Is Information Technology a support area? The traditional, “keep the lights on” world of technology just won’t cut it anymore.
Of course everyone expects their laptop to boot up and connect to the network. No one even thinks about it until it won’t.
The business partners of the technology team expect more. They want technology to be strategic. They expect technology to know their goals, strategies and capabilities. The want to know how technology can help them generate more revenue.
And so a revolution is under way. Technology isn’t the guys who “make the trains run on time” department. Or at least, they shouldn’t be.
To create appropriate urgency around the change, the CIO and senior management should first dispatch business drivers who can clearly explain to employees how new tools can help the company seize important opportunities and who can excite their peers about the future.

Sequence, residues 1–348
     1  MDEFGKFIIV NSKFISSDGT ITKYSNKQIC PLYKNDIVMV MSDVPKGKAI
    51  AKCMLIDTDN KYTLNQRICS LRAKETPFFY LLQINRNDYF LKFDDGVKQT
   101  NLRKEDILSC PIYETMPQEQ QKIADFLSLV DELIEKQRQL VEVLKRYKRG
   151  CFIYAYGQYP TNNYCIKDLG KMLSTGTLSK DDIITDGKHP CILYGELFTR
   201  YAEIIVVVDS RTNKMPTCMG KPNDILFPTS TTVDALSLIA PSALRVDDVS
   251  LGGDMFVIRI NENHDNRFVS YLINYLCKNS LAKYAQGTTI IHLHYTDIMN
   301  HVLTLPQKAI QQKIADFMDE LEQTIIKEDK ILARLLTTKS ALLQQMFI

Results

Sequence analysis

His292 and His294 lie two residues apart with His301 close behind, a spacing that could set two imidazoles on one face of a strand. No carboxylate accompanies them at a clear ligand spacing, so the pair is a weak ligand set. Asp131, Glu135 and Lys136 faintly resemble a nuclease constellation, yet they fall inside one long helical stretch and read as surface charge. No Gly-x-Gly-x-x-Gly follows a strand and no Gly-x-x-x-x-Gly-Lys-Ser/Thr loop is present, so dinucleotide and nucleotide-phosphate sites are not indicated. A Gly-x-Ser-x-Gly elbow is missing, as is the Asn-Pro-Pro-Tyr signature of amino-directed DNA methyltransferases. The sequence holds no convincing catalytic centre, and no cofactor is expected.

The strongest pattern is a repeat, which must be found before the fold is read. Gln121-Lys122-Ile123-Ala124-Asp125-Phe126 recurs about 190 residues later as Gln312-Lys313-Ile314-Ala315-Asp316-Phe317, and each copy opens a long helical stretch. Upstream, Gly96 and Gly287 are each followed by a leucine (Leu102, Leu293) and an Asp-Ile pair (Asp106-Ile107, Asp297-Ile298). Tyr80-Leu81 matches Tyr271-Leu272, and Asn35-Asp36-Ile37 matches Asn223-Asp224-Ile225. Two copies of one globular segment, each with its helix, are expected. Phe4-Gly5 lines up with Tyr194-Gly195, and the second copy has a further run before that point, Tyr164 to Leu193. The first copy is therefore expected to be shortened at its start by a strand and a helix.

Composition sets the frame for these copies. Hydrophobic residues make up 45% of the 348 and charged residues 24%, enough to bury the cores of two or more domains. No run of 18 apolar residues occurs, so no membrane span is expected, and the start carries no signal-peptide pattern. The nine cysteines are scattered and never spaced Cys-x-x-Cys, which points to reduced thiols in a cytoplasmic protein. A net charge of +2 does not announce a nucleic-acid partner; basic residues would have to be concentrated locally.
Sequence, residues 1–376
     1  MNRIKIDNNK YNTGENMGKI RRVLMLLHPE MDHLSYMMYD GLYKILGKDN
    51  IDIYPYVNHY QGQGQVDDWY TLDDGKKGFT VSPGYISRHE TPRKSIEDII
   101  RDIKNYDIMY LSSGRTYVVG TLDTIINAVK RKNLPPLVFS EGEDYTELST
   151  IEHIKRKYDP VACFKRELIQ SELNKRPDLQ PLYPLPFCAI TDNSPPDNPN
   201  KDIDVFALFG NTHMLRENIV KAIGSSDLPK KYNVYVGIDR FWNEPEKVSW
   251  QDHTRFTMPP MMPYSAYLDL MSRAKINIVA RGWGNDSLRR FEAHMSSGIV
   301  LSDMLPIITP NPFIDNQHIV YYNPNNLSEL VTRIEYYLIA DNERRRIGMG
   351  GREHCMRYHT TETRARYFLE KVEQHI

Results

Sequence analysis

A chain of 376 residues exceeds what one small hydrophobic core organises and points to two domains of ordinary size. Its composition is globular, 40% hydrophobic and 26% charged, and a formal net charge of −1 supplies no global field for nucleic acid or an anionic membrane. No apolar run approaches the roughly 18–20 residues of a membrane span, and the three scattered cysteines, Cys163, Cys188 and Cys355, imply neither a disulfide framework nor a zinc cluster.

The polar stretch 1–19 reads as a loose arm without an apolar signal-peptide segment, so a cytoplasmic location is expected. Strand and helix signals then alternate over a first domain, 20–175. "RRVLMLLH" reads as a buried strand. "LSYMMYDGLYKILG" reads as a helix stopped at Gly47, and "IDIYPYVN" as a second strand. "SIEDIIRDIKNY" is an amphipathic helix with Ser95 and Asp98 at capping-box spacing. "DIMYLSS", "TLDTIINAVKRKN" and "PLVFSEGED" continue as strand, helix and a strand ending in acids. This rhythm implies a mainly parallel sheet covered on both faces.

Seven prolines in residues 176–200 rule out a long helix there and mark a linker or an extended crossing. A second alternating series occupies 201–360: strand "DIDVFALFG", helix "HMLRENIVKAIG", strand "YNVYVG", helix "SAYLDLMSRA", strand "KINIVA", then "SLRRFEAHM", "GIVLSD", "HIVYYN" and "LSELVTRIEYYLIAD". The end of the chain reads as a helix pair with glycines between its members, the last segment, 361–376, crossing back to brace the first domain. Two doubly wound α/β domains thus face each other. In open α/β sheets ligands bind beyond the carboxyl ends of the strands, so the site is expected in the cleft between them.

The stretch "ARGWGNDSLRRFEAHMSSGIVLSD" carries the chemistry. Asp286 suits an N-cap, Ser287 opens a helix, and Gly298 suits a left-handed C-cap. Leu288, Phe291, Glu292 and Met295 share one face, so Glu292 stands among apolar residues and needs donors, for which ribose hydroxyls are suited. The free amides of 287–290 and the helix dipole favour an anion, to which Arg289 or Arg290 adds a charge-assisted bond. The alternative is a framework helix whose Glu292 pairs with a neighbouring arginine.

Once clarity and urgency have taken hold, leadership should ask for volunteers from across the organization to join a team that will drive the implementation forward. This will ensure that the technology being put into place is in line with employees’ diverse needs, that potential roadblocks are detected well in advance and that tailored solutions are crafted in collaboration with the very individuals who will be using the new systems in the future.
In today’s world, the technology department cannot just be seen as a support area. It must be seen as a critical part of the business. It’s up to the CIO to drive that point home by positioning himself or herself as a strategic partner—with a distinct set of skills and tools at his or her disposal. Take the time to talk to employees that use technology regularly to really understand how they use it. Listen to business line leaders about what their people want and need to succeed—and explain how new systems can enable them to meet those goals.